Bringing the salmon (and steelhead) home

In California by Greg Fitz

When the dams come out, the Klamath will come back.

May 2024: The Klamath River dam removal is well underway. The smallest of the four dams to be removed, Copco 2, is already gone. The reservoirs behind the three remaining dams – Copco 1, Iron Gate, and JC Boyle – were drained this winter and crews are now busy deconstructing the massive structures with heavy earth-moving equipment. By this fall, the Klamath River will be reconnected for the first time in over a century.

The Klamath Basin is a perfect example of Trout Unlimited’s commitment to key Priority Waters. In honor of World Fish Migration Day 2024, we’re revisiting this story from last summer’s issue of TROUT Magazine to celebrate this key moment in the long campaign to remove the dams and reflect on the ongoing restoration work upstream of the former barriers.

On the border of Oregon and California, the largest dam removal ever attempted, anywhere on the planet, is underway on the Klamath River.

The Klamath originates in the high desert as cold headwater streams feeding Klamath Lake, where native bull trout live year-round and redband rainbows migrate in and out. Below the lake, beyond irrigated farms and ranches and networks of wetlands, the river consolidates into a powerful mainstem, its whitewater cutting a deep gorge through the Cascades and the Klamath Mountains. Arriving at the Pacific Ocean some 200 miles later, it is surrounded by thick, wild coastal rainforest.

Taking down Copco 2 on the Klamath River.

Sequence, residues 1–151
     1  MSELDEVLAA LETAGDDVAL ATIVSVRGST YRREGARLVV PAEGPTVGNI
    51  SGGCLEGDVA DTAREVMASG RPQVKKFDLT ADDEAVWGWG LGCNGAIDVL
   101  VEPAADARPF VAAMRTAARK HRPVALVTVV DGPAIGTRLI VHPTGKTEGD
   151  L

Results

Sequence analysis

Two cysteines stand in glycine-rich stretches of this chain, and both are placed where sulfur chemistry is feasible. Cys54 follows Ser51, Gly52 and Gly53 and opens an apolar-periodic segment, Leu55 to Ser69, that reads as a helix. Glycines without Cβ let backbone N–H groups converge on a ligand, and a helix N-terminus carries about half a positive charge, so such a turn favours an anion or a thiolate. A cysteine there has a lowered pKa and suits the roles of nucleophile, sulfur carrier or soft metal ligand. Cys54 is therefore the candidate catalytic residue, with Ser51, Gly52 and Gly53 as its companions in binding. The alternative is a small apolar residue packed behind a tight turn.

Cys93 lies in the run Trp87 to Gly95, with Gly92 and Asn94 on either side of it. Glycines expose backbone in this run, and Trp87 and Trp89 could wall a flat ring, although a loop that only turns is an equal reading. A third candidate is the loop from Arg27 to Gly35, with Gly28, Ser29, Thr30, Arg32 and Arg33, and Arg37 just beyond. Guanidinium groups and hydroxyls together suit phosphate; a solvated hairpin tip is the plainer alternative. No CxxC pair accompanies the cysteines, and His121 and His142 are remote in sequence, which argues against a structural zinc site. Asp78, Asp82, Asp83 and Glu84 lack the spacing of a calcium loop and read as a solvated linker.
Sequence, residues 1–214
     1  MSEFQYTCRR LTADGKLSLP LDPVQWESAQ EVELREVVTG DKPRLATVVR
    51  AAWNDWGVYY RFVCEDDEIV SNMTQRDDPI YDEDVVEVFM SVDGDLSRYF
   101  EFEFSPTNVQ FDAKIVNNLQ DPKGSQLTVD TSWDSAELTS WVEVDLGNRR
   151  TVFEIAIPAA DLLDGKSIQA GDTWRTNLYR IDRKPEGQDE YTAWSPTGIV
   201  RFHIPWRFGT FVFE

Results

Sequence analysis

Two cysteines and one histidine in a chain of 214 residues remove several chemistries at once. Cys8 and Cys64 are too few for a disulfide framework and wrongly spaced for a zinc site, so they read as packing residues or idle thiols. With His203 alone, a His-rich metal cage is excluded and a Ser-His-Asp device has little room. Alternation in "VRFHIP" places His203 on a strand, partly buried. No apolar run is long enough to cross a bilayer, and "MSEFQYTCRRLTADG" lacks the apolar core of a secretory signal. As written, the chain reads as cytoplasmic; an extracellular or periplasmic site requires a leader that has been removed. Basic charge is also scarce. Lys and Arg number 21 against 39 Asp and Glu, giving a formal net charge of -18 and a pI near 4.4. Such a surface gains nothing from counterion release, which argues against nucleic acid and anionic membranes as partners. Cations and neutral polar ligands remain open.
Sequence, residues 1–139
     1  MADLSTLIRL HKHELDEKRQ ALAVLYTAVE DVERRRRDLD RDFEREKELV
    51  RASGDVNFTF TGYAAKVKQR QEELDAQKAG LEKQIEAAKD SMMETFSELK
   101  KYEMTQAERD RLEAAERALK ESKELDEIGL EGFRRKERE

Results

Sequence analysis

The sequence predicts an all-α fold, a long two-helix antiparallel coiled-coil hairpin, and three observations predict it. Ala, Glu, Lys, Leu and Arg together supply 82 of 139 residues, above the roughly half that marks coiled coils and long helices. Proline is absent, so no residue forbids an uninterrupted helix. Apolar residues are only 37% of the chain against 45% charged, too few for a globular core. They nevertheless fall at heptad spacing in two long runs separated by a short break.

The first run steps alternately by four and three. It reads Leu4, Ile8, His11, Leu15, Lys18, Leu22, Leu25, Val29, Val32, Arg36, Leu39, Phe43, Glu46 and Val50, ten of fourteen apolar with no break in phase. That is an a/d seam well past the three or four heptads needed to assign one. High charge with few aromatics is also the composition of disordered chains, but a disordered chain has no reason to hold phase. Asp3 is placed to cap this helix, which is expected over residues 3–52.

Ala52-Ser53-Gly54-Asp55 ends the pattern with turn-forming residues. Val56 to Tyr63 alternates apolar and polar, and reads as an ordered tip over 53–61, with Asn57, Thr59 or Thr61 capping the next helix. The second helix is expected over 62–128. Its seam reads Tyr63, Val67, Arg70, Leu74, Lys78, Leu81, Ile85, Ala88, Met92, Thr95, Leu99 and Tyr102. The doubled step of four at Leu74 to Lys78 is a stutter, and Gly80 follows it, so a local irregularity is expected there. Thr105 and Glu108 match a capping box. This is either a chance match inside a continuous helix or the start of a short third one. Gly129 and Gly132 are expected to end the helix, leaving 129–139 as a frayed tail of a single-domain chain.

Image: Shane Anderson/Swiftwater Films

Once, this was one of the great Pacific salmon and steelhead rivers. But for over a century, mainstem dams have blocked the fish from spawning and rearing in the watershed’s upper basin—420 miles of prime habitat.

It took more than two decades of advocacy, negotiations, legal actions, scientific studies, risk analyses, permitting and fundraising by tribes, Trout Unlimited and a host of partners to win federal approval for dam removal, but over the next year or so, the four most significant barriers on the Klamath will finally be dynamited and jackhammered, the concrete and rebar and the rest hauled away.

And then at some point late next year, migrating salmon, driven by the instinct to seek the spawning gravel their ancestors once used, will glide past the free-flowing former dam sites for the first time since 1918. That journey will be a transformational moment for the Klamath communities and ecosystem, and a beacon of hope to advocates for native fish and free-flowing rivers everywhere.

The Klamath River flowing free at the site of former Copco 2 dam.
Image: Shane Anderson/Swiftwater Films

“It will be good for the fish,” said Brian Johnson, California program director at Trout Unlimited and a central player in the long campaign, “but I think it will reconnect the basin in more profound ways than we know. There is a potential for unity of fish and people, and it will change the way we see the river, and communities see each other, in ways we haven’t even anticipated yet.”

The dams cut the river in half. They also ruin water quality and cause disease. Cold water comes from the Oregon side of the basin and heats up in the reservoirs. Every year, this creates toxic algae blooms and perfect conditions for fish-killing parasites. Signs spring up from local governments: “Don’t let your dogs swim here.” Karuk tribal members can’t conduct traditional ceremonies because of prohibitions against contact with the water.

In 2002, these sorts of poor water conditions, combined with a drought and excessive water withdrawals for irrigation, led to one of the largest fish kills in American history. Below the dams, tens of thousands of adult salmon and steelhead suffered a condition called “gill rot,” dying en masse before they could spawn. Juvenile salmonids and other resident fish populations were likewise devastated.